Rock star Tom Petty put it this way, back in the 1980s: “You don’t have to live like a refugee.”
Actually, if you’re a Jew, you do. Or, you did. And you have to think like one.
The Torah is the story of a refugee people. Abraham and Sarah left Ur, and then Haran, as refugees. Here is a list of ancient Israelite refugees: Hagar, Ishmael, Jacob, Joseph, Moses, David, Ruth and Naomi.
On the festival of the first-fruits, the ancient Israelite had to declare: “My father was a fugitive Aramean…” (Deut. 26: 5ff.) That text is the core text of the Passover Haggadah.
Translation: “I come from refugees.”
Jewish history is the story of refugees. From the land of Israel in the wake of the Roman destruction. From England, Spain, France. From eastern Europe and Germany. From the Soviet Union, from Arab lands and Iran and Argentina and….
No wonder that someone once said: “The most valuable thing a Jew can own is a valid passport.”
Which leads to the most pressing question in America today: what is our nation’s responsibility in absorbing Syrian refugees?
As far as I can tell, there are two distinct ways of dealing with this weighty issue.
Two words that begin with the letter S — security and soul.
Last week, the House of Representatives voted to drastically tighten screening procedures on refugees from Syria. The bill would require that the director of the F.B.I., the secretary of the Department of Homeland Security, and the director of national intelligence confirm that each applicant from Syria and Iraq poses no threat.
But, for the governors of at least 31 states, even that is not enough. No — they want to create their own refugee policies.
- Governor Greg Abbot of Texas: “Opening our door to them [Syrian refugees] irresponsibly exposes our fellow Americans to unacceptable peril.”
- Governor Rick Snyder of Michigan: “Michigan is a welcoming state and we are proud of our rich history of immigration. But our first priority is protecting the safety of our residents.”
- Governor Mike Pence of Indiana: “Indiana has a long tradition of opening its arms and homes to refugees from around the world, but my first responsibility is to ensure the safety and security of all Hoosiers.”
Our nation must do everything necessary to make sure that those who enter our country will not pose a threat to America.
Moreover, many Syrian refugees are not exactly kumbaya types. As an article in JTA reports, many of them harbor classic anti-semitic and anti-Israel attitudes. This has caused German Jewish leaders, among others, to think long and hard about these refugees.
So, yes — we are allowed to be concerned.
So much for security.
Now, what about our nation’s soul?
Concern is one thing; slamming the door is another.
Recall Emma Lazarus’s words on the base of the Statue of Liberty: “Give me your tired, your poor, your huddled masses yearning to breathe free, the wretched refuse of your teaming shore…”
Those “huddled masses” and “wretched refuse” were Jewish immigrants from Eastern Europe — the ancestors of today’s American Jews.
Which makes you wonder: regarding those with hardened hearts towards todays huddled masses — how much Jewish history are you willing to forget?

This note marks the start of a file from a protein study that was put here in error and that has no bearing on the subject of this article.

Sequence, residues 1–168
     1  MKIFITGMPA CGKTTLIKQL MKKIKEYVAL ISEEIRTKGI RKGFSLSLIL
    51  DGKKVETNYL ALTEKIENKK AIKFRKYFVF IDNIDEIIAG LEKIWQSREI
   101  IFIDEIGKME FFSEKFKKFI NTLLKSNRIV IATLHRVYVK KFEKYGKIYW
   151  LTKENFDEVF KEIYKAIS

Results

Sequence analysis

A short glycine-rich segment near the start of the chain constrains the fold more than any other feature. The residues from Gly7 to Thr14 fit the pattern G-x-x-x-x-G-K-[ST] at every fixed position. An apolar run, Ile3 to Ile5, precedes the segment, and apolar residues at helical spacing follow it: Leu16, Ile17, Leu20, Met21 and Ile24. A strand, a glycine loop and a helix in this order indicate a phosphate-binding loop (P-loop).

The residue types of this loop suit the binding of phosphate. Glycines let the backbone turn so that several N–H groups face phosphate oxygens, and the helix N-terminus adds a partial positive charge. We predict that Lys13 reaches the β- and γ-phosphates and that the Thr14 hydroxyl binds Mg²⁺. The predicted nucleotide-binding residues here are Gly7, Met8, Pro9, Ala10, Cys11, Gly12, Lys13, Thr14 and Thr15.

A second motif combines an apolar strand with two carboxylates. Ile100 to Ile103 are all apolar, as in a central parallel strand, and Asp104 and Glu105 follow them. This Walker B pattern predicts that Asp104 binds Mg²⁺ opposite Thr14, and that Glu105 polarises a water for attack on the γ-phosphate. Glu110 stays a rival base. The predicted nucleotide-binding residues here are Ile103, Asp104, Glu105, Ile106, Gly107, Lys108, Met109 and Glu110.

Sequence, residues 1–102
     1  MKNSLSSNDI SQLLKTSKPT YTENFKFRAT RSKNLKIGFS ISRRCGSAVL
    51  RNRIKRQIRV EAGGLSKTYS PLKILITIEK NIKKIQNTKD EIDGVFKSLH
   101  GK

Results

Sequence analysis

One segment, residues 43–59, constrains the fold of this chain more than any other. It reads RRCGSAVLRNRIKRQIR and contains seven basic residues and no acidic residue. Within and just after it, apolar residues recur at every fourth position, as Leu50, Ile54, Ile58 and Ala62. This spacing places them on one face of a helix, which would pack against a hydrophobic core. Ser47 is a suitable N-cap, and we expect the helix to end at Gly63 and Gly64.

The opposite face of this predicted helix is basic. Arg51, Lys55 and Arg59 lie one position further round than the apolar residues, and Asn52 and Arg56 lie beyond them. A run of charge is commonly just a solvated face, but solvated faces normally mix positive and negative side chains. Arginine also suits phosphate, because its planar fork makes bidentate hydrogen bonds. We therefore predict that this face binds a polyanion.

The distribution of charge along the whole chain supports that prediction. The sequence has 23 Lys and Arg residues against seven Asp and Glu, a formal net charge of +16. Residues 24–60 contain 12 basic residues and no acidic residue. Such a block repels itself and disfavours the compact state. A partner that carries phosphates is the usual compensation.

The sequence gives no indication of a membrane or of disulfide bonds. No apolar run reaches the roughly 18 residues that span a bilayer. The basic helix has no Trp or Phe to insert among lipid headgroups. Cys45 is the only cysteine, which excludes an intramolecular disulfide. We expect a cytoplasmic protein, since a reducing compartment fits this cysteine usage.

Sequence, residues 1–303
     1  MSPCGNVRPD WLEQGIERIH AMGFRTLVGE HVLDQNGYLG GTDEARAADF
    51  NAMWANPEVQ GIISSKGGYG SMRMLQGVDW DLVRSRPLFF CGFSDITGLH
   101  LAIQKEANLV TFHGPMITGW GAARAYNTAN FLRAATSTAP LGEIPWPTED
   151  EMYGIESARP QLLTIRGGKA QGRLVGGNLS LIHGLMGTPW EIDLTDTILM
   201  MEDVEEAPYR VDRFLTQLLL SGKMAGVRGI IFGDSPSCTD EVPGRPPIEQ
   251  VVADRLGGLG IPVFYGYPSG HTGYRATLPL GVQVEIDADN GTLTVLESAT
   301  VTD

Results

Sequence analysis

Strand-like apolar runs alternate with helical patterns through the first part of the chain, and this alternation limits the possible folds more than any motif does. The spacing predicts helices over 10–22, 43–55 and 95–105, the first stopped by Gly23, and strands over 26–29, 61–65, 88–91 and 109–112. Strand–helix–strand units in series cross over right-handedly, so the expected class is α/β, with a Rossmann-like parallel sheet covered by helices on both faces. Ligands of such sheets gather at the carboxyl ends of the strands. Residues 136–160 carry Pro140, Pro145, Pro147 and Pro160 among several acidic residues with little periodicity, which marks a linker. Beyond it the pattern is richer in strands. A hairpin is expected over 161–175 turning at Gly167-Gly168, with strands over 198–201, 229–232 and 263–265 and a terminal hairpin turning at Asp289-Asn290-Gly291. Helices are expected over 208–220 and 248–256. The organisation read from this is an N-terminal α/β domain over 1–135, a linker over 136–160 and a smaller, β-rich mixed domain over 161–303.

Try this one.
In January, 1939, a national poll in this country asked: how do you feel about accepting 10,000 Jewish refugee children who were fleeing from Germany?
By a two-to-one majority, the respondents said that the United States should not accept those children. After all, European Jews might be Communists.
Laura Delano, President Roosevelt’s cousin, snarled: “Twenty thousand charming children would all too soon grow into 20,000 ugly adults.”
(God’s sense of humor: Ms. Delano has Jewish descendants.)
The Jewish children that Ms. Delano disdained? Most never became any kind of adult. They died.
That memory animates the work of jewish organizations like HIAS. It is why so many American Jewish organizations favor accepting Syrian refugees. American Jews remember how we were turned away from these shores. They remember the “St. Louis,” the “voyage of the damned,” turned away from American ports, forced to return to Germany.
That is why the US Holocaust Memorial Museum is one organization that is supporting refugees.
Because this issue has Jewish echoes and resonances.
Is the plight of the Syrian refugees exactly like refugees from Nazi Europe? No situation is ever completely like any other situation. But, it is close enough for us to learn from it, and to vow not to repeat its mistakes.
So, yes — there’s the security of America, and there’s the soul of America.
As for me, I agree with that long list of American Jewish organizations. At this particular time, I worry more about the American soul than about American security.
I applaud every stringency that must be taken to keep America safe, but not at the risk of casting aside our soul and our story. There are many kinds of threats to America. The threat to our moral identity is not to be dismissed cavalierly.
Oh, by the way. That ancient declaration from Deuteronomy: “My father was a fugitive Arabian….”
Aram was located in what is today — Syria.
So, my Daddy was a fugitive Syrian. Yes, an ancient Syrian. But, a Syrian, nevertheless.